Breamlea, Victoria

Breamlea, Victoria

Sunday, 16 August 2015

 Janet Salter and the Ladies' Committee of Chewton

Yesterday I wrote of Mrs. Janet Salter who was a witness to two births in the gold-mining town of Chewton, Victoria, Australia in 1865.  She is my 4x great grandmother.

Today I went onto Trove and stumbled upon some interesting articles about her.

We know that Janet and her husband James moved to Chewton from Adelaide between 1851 and 1854.  In 1860, they bought a small property in the township, just behind the Post Office. valued at 15 pounds.  On it, they built a bark hut.

In 1868, James was admitted to the Castlemaine Benevolent Asylum, and stayed there (with a handful of brief visits home) until he died in May 1887, a period of nearly 20 years.  It was explained to me by the Castlemaine Historical Society that the Asylum meant in those days the traditional meaning of the word, as in shelter or a haven.  People were put in asylums for all sorts of reasons;  for example Alzheimers and Dementia, nervous breakdowns, physical incapacity or just because their loved ones couldn't take care of them for whatever reason.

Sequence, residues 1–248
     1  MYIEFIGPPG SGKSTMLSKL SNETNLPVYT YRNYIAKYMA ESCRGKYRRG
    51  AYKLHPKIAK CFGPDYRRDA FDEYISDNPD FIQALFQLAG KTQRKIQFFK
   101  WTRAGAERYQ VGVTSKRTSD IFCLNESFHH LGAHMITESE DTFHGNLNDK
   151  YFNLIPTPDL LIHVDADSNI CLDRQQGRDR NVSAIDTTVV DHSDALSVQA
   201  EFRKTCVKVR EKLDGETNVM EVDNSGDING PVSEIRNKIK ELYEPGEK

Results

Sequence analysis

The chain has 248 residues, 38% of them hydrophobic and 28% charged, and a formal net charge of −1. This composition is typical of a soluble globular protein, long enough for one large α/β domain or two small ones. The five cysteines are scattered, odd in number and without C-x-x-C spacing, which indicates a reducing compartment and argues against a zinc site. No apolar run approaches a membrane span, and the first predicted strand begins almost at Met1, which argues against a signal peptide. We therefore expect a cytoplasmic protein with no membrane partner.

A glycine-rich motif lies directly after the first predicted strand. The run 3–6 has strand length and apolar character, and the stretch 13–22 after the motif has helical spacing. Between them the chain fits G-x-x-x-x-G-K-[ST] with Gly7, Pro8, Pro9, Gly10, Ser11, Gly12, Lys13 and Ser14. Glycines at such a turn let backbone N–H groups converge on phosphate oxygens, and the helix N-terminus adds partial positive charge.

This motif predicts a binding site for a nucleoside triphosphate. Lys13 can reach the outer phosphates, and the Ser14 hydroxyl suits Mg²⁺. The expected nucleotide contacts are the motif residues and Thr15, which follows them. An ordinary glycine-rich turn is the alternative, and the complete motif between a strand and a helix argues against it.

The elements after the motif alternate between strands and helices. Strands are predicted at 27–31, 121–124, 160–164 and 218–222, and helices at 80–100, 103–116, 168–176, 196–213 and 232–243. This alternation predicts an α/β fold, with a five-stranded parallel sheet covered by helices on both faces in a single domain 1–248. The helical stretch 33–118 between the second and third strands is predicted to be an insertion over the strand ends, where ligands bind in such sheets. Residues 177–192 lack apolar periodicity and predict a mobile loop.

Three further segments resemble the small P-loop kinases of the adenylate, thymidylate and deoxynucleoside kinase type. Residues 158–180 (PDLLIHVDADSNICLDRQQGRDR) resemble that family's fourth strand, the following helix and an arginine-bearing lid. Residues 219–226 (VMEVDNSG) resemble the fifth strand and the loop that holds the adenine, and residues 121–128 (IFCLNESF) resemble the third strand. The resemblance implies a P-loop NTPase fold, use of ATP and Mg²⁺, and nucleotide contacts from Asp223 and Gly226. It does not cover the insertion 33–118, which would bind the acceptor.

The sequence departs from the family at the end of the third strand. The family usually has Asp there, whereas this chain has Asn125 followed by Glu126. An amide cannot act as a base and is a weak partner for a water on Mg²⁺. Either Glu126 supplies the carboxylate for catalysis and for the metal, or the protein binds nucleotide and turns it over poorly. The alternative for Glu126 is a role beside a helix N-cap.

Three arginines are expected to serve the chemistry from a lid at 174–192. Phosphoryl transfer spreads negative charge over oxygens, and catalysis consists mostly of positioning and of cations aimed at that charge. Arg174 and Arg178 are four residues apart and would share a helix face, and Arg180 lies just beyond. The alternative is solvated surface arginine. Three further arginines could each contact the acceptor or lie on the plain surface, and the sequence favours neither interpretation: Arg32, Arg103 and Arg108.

I always wondered how Janet survived during those years, and today, Trove told me.

I found three articles printed in the Mount Alexander Mail, recording meetings of the Chewton Borough Council.

The first article dated 16 November 1877, notes that Janet applied to the Council to be recommended to the Ladies' Committee for financial relief.  She had been receiving some benefit from them, but it had been stopped.  The Town Clerk was to write to the Ladies' Committee to ask why.

The next article dated 30 November 1877, notes that the Ladies' Committee had answered.  In response to one of James' brief visits home, the ladies had withdrawn the relief. The Town Clerk was told to inform Janet. James was 67 at the time and obviously suffering some incapacity. He had been an inmate of the asylum for nearly ten years.

The next article is dated 26 July 1878, six months later, and again she is asking the Council to recommend her to the Ladies' Committee for weekly support. She was 75 years old.  Cr. O'Donohoe remarks he would like to know why these kinds of requests are being sent to Council instead of direct to the Ladies' Committee.  I bet we can guess why.

Janet herself died ten years later in March 1887, at the age of 85 and James died 8 weeks after her.
Article identifier
Page identifier
APA citation
CHEWTON BOROUGH COUNCIL. (1877, November 30).Mount Alexander Mail (Vic. : 1854 - 1917), p. 2. Retrieved August 17, 2015, from
MLA citation
"CHEWTON BOROUGH COUNCIL." Mount Alexander Mail(Vic. : 1854 - 1917) 30 Nov 1877: 2. Web. 17 Aug 2015 <>.
Harvard/Australian citation
1877 'CHEWTON BOROUGH COUNCIL.', Mount Alexander Mail (Vic. : 1854 - 1917), 30 November, p. 2, viewed 17 August, 2015,
Wikipedia citation
{{cite news |url= |title=CHEWTON BOROUGH COUNCIL. |newspaper=[[Mount Alexander Mail |Mount Alexander Mail (Vic. : 1854 - 1917)]] |location=Vic. |date=30 November 1877 |accessdate=17 August 2015 |page=2 |publisher=National Library of Australia}}


No comments:

Post a Comment